IF YOU'RE the kind of deer hunter who likes to bag venison at night, be sure of your target. It might not be the real thing.
But the consequences will be for real -- up to a $2,000 fine, and 30 days in jail. Double the hoosegow vacation for a second offense.
When Maryland's modern firearms deer season opens Saturday, one of the Department of Natural Resources' poacher deterrents will be mounted deer awaiting pot shots by spotlighters and other outlaws.
Don't laugh. The other night one of these deer "bagged" five poachers for wildlife officers. One had been shot so much that its hide had to be renewed. The same technique is used in Delaware, where recently a hunter who shot a fake from his auto ended up charged with a multitude of game, traffic and drug charges.
Delaware's decoy has been shot so much it's practically deerburger.
There's no need for Marylanders to take the illegal route, not with the best forecast ever for the '90 season. Josh Sandt, who heads DNR deer management, predicts a kill of 38,000 to 40,000 (34,518 last year) by the Dec. 1 finale. His prediction for all seasons -- muzzleloader, bow and modern firearms -- is 50,000 as compared with last year's 46,293.
We have deer everywhere, and everywhere the herd is mushrooming. We take more deer than do our counterparts in the heralded deep woods of Maine. Our chances are one in three or four of bringing home venison, which isn't bad for a small state polka-dotted with cities and ever increasing suburban sprawl.
Hunting pressure is decreasing in our foremost traditional deer areas, not because of lack of game -- it's actually increasing -- but because hunters find an abundance of game closer to home. Baltimore and Carroll counties have some of Maryland's best trophies, and Anne Arundel and Howard are inundated by development, yet deer refuse to be squeezed out. Instead, they're making dramatic comebacks.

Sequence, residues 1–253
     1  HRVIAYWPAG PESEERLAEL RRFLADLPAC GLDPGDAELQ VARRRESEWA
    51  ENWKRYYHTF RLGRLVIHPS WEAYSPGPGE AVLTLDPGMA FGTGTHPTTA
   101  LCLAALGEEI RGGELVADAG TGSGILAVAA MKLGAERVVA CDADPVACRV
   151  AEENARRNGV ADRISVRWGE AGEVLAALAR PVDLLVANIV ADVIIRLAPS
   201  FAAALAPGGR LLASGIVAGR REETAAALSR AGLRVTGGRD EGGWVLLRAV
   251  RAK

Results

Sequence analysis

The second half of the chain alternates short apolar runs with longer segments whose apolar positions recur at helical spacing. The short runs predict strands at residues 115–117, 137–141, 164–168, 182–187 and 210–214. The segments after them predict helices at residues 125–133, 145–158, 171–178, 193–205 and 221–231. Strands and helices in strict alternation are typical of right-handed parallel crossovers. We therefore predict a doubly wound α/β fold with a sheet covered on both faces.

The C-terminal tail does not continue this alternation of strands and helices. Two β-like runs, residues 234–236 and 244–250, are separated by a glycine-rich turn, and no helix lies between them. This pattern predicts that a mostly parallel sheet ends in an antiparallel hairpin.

No longer do hunters need drive to Western Maryland or the lower Eastern Shore. Baltimore County's soil and cover are comparable to that of the upper Shore's Kent County, acknowledged to be Maryland's trophy deer site. So why travel when deer stalking is as good in your own back yard?
One thing hunters might find tougher to get this year will be trophies, but not because of a lack of them. To bag wise old multiple-pointed bucks, hunters will have to work harder, something many deer stalkers are reluctant to do. Why beat backwoods and marshes when other deer are available in more convenient locations accessible by four-wheel drives, off-road vehicles or short hikes from auto or camp?
Twenty-five years ago wildlife managers discovered something not-so-macho about Maryland deer hunters during an aerial survey of their activity while snow covered the ground. From up above, observers found hunters and their tracks that indicated most deer chasers tromped no more than a couple of hundred yards into the hinterlands from their vehicles and camps.
Cagey old bucks sporting wide, well-pointed racks are back in the boondocks. Last year was probably the best ever for trophies, which make up about 10 percent of the overall herd, according to Sandt.
But last year, hunters across the state had something going for them they had not enjoyed -- or suffered -- for many years. They had snow on the ground, and miserable weather that in addition to helping locate big deer, also brought the trophies closer to hunters.
Don't plan on a helping hand from the weatherman this year. The kickoff, according to the National Oceanic and Atmospheric Administration, will come in mild weather. The long-range forecast is for cool temperatures reaching into the 50s, light breezes, and no snow cover.
In the mountains of Western Maryland, temperatures should peak at 40 to 45 degrees. We can expect a replay of last weekend, with winds that aren't as stiff.
Other than its deer decoys, DNR will switch all available personnel from waterfowl to the deer patrol, with coverage from fixed wing aircraft, helicopters, afoot and in patrol cars.
* TOMORROW: Bill Burton's county-by-county deer forecast.